Tuesday, February 21, 2006

Writing Good Dialogue

Dialogue is one of the most important tools a writer has because it's
so useful in so many ways: Speech gives vital information about a
character's background, social status, and education; it reveals to
us what a character is thinking (or at least, what he says that he is
thinking); it can advance the plot; it can provide exposition in a
dramatic fashion. But writing good dialogue is often one of the last
skills a writer masters, and some otherwise fine writers never seem
to understand the nuances of writing dialogue. I hope these hints
will be helpful as you try to make people talk on paper.

Dialogue is not written speech.

Successful dialogue is a strange mixture of the actual and the
imaginary. It doesn't sound exactly like real conversation (listen in
on a real conversation full of stuttering and unfinished ideas for a
few minutes and you'll hear why), but it reads like actual
conversation. That is, it should seem realistic, like the sort of
thing we might imagine these people saying in this sort of situation,
only better, more focused, more alluring. On the other hand, written
dialogue is not necessarily more revealing than speech. Good
dialogue, as my friend Bob Butler says, does not say everything the
character has on his mind at a given moment. It works toward the
truth in the same way that we generally do, by fits and starts. A
moment of revelation and great openness should generally be led up
to, should be an emotional peak of the story.

Writers use dialogue to build narrative tension.

Good dialogue has subtexts and tensions inherent in it. A story
includes dialogue primarily because it helps advance the action, and
if a scene is worth telling (as opposed to a quick summary--"Shelly
told Nicole to meet her at the zoo") it needs to be dramatically
interesting. For a tremendous example of this principle at work, read
Hemingway's "Hills like White Elephants," a story which is almost
nothing but dialogue. It's also good practice to try and construct a
scene where one character has a secret or something he/she must
communicate and we as readers know it. That plants the tension

Don't get overly creative with the mechanics of dialogue.

The old standby--"he said/she said"--is still the best way of
crediting dialogue, which after all is the purpose of dialogue tags.
Getting creative with the dialogue tags ("he expostulated" or "she
expounded") draws attention to the tags, not the dialogue. If you
want to add vividness to your writing and choose strong verbs, do it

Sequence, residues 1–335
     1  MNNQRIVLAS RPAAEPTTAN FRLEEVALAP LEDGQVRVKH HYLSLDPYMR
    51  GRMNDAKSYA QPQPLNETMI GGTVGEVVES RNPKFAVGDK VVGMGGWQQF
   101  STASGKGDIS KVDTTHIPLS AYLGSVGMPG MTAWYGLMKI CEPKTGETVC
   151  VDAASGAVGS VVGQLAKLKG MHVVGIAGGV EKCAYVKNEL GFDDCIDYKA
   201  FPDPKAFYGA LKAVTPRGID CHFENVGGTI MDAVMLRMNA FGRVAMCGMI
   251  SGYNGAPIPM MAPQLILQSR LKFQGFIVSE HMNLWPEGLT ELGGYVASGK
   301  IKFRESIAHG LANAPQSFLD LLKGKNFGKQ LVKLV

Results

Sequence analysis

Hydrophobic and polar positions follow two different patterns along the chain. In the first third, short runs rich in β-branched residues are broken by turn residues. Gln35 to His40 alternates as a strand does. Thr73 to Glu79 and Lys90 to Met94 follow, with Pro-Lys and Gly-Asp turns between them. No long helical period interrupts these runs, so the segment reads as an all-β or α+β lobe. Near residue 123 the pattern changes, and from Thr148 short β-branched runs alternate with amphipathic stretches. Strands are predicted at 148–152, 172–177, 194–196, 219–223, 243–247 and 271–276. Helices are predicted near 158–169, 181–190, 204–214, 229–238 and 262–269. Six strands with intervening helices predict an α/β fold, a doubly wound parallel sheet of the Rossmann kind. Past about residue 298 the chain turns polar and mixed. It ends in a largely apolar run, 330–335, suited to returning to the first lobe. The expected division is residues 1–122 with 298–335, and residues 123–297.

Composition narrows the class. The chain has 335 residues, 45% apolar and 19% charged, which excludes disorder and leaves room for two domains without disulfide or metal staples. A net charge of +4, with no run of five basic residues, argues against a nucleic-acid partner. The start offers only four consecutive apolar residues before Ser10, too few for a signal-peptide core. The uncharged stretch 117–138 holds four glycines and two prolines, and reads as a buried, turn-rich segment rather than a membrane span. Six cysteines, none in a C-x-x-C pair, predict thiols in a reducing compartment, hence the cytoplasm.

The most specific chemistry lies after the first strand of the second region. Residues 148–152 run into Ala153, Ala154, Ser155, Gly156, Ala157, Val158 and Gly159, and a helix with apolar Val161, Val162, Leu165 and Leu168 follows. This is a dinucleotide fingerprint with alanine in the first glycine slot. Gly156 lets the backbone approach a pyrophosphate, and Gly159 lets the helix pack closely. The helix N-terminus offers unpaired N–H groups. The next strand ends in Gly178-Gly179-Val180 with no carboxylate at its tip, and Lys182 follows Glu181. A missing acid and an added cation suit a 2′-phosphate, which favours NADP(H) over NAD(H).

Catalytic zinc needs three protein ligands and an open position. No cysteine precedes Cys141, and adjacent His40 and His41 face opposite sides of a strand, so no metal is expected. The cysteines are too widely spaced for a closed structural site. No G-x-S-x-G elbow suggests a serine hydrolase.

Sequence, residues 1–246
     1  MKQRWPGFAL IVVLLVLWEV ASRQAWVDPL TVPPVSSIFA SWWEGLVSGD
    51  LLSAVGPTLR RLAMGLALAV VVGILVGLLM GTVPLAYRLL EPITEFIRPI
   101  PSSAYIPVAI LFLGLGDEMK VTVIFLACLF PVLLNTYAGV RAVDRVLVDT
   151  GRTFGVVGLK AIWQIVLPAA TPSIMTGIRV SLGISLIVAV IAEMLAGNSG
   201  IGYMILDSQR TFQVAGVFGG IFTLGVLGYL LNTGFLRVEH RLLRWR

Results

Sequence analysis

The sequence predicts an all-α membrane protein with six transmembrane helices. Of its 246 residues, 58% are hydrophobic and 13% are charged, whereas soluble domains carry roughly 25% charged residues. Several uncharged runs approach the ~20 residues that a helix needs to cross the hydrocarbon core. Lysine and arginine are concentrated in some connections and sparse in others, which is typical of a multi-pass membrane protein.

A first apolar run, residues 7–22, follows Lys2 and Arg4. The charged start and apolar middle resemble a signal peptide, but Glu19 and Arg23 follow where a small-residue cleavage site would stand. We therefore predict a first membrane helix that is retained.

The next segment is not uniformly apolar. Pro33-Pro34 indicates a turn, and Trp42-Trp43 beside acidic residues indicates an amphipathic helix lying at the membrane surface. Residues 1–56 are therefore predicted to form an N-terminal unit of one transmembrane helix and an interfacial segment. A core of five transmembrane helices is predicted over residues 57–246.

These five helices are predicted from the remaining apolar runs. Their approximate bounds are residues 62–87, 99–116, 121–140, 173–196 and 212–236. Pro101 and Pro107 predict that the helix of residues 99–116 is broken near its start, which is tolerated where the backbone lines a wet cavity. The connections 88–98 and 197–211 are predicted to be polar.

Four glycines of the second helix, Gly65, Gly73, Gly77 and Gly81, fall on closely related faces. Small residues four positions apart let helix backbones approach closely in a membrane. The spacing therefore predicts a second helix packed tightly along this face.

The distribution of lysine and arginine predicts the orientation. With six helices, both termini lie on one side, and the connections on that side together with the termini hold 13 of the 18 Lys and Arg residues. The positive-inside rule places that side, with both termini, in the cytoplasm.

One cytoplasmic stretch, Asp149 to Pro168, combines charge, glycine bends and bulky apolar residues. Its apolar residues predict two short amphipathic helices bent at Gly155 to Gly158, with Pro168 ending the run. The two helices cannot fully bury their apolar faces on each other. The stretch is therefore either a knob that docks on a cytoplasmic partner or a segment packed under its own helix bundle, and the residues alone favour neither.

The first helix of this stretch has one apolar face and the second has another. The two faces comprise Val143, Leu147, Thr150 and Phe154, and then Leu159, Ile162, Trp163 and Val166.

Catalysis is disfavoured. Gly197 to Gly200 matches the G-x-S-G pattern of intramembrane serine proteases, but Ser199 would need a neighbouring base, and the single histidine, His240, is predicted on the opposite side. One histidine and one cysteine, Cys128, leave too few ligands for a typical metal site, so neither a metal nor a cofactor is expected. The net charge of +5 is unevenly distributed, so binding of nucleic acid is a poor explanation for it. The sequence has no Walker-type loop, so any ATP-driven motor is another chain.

elsewhere; I find I use "said" and "asked" almost exclusively. Vary
how often you employ a tag based on the situation (if there are only
two speakers and their mode of speech or emotional take on the scene
differentiates them, you don't need many; if you have a cocktail
party and the voices are all but interchangeable, you might need a
lot). Vary the placement of the tag in the sentence a bit so you can
add some variety to your style. And don't worry too much that there
seem to be too many dialogue tags or that they're too repetitive,
since readers will tend to read over them. It will probably be
apparent --maybe even ludicrous--if you're overdoing it or becoming
too repetitive with your dialogue tags.

Pass the potatoes.

That is, don't speechify; keep readers immersed in the action of a
scene of dialogue. My friend Elinor Lipman first discussed potato
passing for me, and I've seized on it as a valuable concept since--as
in Elinor's fiction--many of my characters converse around a dinner
table. Here's what we mean by it: When readers read long passages of
dialogue, they tend to be eased out of the dramatic flow of the story
and to lose contact with what is happening in the story as these
words are being delivered. But if the writer has someone pass the
potatoes (literally or figuratively) while that character talks, the
reader remembers that there are people sitting around the table
listening and reacting and perhaps getting ready to answer. So don't
present long blocks of dialogue (which are also unfriendly to the
reader's eye); break them up with action and reaction.

Use dialogue for exposition with caution.

While I remarked above that dialogue could be used to help readers
orient themselves in relation to the story and its characters, this
can be (and has been) done so badly so often that I offer words of
warning. Don't present lots of exposition at once under the guise of
dialogue. The following is a tremendously bad example of exposition
masquerading as a dramatic exchange:

"I've been so lonely since my husband Ted died in 1991 of cancer. We
had been happily married since 1965, when we met while I was working
in the Kresge department store on Canal Street in New Orleans."
"Of course, you poor dear. Thank goodness your son Frank immediately
left his job in Pittsburgh as a computer programmer to move back into
your house in the Garden District of New Orleans so that he could
help you with your clinical depression. Of course, now you are caring
for Frank because his wife deserted him and took the kids back to
Pennsylvania after the doctor discovered in a routine test that he
was HIV positive."

How can you avoid these exposition blues, especially if your dialogue
is not as egregiously bad as this? Follow this rule of thumb: Never
use dialogue to tell the reader things the characters already know.
In our real-life conversations,we refer to past events, certainly,
but we don't explain them because we already have them as a common
point of reference. It would be better instead to give out hints and
build up information gradually. We don't need to know everything that
has happened in the past to begin the story.


Blogger Richard Edward Noble said...

hi, just passing through

8:53 PM  

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